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In this second volume, Albert Boime continues his work on the social history of Western art in the Modern epoch. This volume offers a major critique and revisionist interpretation of Western European culture, history, and society from Napoleon's seizure of power to 1815. Boime argues that Napoleon manipulated the production of images, as well as information generally, in order to maintain his political hegemony. He examines the works of French painters such as Jacques-Louis David and Jean Auguste Dominique Ingres, to illustrate how the art of the time helped to further the emperor's propagandistic goals. He also explores the work of contemporaneous English genre painters, Spain's Francisco de Goya, the German Romantics Philipp Otto Runge and Caspar David Friedrich, and the emergence of a national Italian art.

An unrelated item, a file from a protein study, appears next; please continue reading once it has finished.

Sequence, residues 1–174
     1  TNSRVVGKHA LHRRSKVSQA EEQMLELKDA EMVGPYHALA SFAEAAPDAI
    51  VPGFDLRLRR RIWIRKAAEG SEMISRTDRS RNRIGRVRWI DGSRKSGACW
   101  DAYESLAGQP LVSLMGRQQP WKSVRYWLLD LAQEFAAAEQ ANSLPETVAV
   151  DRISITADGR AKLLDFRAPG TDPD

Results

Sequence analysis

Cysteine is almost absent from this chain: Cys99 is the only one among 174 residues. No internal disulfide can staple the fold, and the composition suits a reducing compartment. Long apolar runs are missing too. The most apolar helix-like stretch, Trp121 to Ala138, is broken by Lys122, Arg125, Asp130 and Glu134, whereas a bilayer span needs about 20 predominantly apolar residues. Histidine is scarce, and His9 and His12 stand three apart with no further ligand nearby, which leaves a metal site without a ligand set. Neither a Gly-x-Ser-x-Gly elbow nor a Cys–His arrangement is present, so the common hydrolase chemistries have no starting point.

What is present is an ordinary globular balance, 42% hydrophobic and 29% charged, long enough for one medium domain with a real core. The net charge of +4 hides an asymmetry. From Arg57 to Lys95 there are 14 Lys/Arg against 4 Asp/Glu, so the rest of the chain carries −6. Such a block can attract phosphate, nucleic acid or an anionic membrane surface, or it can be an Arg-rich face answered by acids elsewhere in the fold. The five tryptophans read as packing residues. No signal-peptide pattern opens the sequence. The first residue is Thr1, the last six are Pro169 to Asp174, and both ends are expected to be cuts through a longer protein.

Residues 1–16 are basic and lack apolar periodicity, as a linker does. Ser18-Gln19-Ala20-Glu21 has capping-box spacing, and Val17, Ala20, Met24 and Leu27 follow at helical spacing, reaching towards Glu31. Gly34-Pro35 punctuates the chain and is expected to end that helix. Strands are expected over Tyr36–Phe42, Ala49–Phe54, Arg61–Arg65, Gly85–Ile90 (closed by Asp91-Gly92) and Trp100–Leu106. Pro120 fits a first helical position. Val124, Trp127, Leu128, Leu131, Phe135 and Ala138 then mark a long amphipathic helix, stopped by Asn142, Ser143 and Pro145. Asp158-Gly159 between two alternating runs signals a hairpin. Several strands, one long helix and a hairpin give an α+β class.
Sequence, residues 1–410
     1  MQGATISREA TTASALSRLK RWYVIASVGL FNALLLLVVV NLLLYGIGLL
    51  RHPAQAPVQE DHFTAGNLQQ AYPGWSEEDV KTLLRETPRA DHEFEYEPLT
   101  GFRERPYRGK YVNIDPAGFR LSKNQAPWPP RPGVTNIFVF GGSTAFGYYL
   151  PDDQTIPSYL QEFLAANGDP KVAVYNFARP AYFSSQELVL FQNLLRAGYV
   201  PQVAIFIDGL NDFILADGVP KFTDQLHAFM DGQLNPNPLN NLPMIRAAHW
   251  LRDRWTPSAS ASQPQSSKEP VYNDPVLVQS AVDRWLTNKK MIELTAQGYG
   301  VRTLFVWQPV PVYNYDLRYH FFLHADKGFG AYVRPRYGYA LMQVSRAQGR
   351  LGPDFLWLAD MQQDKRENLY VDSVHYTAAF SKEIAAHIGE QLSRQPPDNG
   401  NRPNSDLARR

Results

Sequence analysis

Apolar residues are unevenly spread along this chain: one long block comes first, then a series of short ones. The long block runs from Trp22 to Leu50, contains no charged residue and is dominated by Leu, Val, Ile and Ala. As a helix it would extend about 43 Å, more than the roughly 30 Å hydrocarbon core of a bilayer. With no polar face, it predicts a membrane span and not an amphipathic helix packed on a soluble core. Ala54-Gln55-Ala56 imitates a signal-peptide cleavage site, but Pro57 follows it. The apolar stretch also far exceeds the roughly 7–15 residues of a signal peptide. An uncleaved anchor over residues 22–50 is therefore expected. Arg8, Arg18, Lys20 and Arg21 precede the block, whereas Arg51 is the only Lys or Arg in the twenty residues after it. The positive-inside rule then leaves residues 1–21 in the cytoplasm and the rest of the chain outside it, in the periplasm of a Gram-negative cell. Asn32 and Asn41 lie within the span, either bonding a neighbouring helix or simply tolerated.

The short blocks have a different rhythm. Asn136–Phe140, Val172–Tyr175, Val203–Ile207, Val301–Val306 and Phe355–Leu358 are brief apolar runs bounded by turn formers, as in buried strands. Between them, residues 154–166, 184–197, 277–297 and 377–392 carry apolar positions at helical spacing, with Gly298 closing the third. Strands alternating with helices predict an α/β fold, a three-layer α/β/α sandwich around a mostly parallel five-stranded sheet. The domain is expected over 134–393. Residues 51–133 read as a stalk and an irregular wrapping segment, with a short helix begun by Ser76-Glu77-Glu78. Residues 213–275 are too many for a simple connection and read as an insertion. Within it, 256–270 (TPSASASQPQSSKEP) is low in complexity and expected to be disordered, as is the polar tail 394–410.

Heavily illustrated, this volume is an invaluable social history of modern art during the Napoleonic era.
Stimulating and informative, this volume will become a valuable resource for faculty and undergraduates.—R. W. Liscombe, Choice
I. The Adversaries
1. The Napoleonic Era (1800-15)
2. The Iconography of Napoleon
3. English Art in the Napoleonic Era
4. France and Spain
II. The Downtrodden and their Regeneration
5. Napoleon's Invasion of Prussia and the Rise of German Romantic Nationalism
6. The Political Foundations of the German Romantic Pioneers and Their Patrons
7. Patrons of the New Movement
8. Philipp Otto Runge
9. Caspar David Friedrich
10. Napoleon in Italy